The rules of the game matter, because people respond to incentives. This lesson is a breeze to teach in Economics class, but it’s essential to survival as a P.E. teacher. All teachers have to learn how to adapt on the fly, but the physical aspect of P.E. gives it a sense of urgency. Games can break down quickly, and if you don’t recognize it and know how to fix it, you’re gonna have a bad time.
Late in my second year teaching P.E., I introduced a game called Jetball. It’s basically dodgeball sharks and minnows. It’s a fun game, and fairly safe up until high school. Well, once the new game had lost its novelty, one of the basketball players in the class suggested a variation. “What if the minnows all are dribbling a basketball, too?” These sorts of suggestions are quite common — another hurdle for P.E. teachers. Students are basically always *suggesting* other things they could be doing! I find that doesn’t really happen in the classroom. Students will complain about a test, but at least their form of complaint acknowledges the test need to happen (they just want it to be easy). In P.E., no activity seems inevitable. But, I digress. Back to Jetball variations.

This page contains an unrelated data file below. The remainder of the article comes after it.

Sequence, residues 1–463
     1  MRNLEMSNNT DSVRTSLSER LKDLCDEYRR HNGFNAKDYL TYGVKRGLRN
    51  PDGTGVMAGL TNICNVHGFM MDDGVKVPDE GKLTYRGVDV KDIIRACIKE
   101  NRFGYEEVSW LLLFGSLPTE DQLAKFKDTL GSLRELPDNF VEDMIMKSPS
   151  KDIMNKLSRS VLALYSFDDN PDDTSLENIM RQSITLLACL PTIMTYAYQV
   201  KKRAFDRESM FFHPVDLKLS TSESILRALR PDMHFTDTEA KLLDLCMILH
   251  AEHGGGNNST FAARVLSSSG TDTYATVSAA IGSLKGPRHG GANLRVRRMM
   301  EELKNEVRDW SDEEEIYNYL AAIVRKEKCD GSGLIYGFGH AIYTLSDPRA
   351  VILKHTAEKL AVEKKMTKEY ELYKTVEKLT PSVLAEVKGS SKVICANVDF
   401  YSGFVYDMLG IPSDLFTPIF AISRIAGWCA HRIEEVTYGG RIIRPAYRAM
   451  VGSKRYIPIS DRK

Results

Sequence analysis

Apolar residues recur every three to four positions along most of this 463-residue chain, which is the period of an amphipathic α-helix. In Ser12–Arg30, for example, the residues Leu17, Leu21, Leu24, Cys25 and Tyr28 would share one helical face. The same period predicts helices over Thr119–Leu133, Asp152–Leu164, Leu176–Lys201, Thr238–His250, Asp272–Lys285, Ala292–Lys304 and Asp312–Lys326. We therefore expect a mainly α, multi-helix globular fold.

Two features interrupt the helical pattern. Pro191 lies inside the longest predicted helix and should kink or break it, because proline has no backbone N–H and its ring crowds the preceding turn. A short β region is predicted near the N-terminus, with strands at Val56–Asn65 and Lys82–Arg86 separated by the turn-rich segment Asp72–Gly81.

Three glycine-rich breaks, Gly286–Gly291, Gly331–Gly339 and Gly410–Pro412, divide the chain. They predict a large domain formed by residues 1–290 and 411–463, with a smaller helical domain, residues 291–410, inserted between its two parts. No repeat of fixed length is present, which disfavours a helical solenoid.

One more aside first. My policy is never to accept suggestions the day I receive them. First, rules matter and deserve serious consideration. Second, I never want to give the impression that I don’t have a plan for the class, or that I’m willing to drop my plan on a whim and do something else. The activities for the day need to be inevitable. [Similarly, I never answer “what are we doing today?” until I’m in front of the entire class. I don’t want to incentivize every kid to ask me that question independently.]
So, I thought through the basketball variation, and I liked it. It would make it easier for the throwers (sharks) to keep up with + hit the runners (minnows), and the sharks often struggle to get outs early in the game. Plus it would work hand/eye coordination and peripheral awareness for the dribblers. We tried it out soon after. Most of the class lined up against one wall with a basketball, while a few throwers were on the baseline, ready to trigger the mad rush across the court by throwing their dodgeballs against the wall.